By Jen DiMascio
The Air Force chief of staff yesterday indicated he would welcome discussions with the defense secretary about opening the F-22 Raptor to foreign military sales.
The sale of the stealth fighter jet made by Lockheed Martin [LMT] to foreign nations was prohibited by law in the fiscal year 1998 defense appropriations act, and an effort in 2006 to overturn the prohibition was blocked.
But during recent trips to Japan and Australia–two countries that have expressed interest in the airframe–Defense Secretary Robert Gates was asked repeatedly about the possibility of making a change.
During a Feb. 24 press conference in Australia, Gates said he has not delved into the ability to make the sale to Australia or Japan.
"I just need to go back and get myself better educated on this and, in concert with the secretary of State, decide whether this is a matter that we should pursue with the Congress," Gates said.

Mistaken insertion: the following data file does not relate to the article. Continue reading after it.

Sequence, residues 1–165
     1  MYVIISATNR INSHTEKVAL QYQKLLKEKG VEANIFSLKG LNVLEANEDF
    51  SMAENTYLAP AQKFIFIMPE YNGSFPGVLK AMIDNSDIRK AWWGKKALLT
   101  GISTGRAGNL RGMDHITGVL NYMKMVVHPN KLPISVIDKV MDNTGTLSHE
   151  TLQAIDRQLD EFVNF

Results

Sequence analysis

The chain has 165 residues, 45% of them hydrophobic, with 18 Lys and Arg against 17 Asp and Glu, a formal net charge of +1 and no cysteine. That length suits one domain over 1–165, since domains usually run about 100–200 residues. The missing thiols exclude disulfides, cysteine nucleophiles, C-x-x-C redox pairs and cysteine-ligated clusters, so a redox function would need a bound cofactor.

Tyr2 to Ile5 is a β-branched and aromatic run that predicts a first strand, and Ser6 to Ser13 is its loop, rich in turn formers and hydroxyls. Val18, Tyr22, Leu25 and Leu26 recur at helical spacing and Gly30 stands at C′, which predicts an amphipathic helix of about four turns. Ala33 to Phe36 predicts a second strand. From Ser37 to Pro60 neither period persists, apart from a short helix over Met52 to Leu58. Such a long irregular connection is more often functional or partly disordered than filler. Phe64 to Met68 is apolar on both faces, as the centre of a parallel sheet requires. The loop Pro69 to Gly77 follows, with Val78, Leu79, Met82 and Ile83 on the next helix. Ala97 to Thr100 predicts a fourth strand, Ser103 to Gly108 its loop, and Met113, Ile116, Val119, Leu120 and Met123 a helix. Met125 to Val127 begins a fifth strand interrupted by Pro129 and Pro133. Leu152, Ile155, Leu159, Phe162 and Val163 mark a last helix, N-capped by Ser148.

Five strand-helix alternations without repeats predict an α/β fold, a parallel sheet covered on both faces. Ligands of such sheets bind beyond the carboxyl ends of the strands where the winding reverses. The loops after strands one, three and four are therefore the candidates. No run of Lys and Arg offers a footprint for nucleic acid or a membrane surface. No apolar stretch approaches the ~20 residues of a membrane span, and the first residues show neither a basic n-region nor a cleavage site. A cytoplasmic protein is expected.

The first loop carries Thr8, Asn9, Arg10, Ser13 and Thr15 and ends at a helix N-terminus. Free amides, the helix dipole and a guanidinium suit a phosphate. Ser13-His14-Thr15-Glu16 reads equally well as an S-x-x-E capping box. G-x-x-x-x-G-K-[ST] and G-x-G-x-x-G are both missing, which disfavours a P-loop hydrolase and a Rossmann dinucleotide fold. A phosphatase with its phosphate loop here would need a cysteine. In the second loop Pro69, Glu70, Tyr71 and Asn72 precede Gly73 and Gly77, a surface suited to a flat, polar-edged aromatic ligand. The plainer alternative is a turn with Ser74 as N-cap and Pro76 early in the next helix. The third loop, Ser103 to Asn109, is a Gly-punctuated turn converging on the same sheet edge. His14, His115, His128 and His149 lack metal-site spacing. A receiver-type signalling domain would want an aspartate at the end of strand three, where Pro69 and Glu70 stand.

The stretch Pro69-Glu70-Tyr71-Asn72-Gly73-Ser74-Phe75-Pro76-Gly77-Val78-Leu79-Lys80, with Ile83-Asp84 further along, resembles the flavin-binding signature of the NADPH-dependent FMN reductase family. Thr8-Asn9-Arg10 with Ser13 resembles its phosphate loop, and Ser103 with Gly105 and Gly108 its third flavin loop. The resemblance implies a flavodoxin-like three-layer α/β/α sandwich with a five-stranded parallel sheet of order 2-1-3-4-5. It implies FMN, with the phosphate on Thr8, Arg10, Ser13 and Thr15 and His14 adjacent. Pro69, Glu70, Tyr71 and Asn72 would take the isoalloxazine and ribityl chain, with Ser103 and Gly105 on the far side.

Gen. Michael Moseley said if Gates, was willing, he looked forward to a discussion of the possibility of a sale.
"You know, Secretary Gates had that right when he said we’ve got to talk about that," said Moseley during a Defense Writers group breakfast.
Rep. David Obey (D-Wisc.), the chairman of the House Appropriations Committee, was responsible for the initial amendment banning foreign sales of F-22s citing the need to maintain clear air superiority.
His effort was a departure from the wishes of President Clinton, who sought to offer the F-22 first to Israel.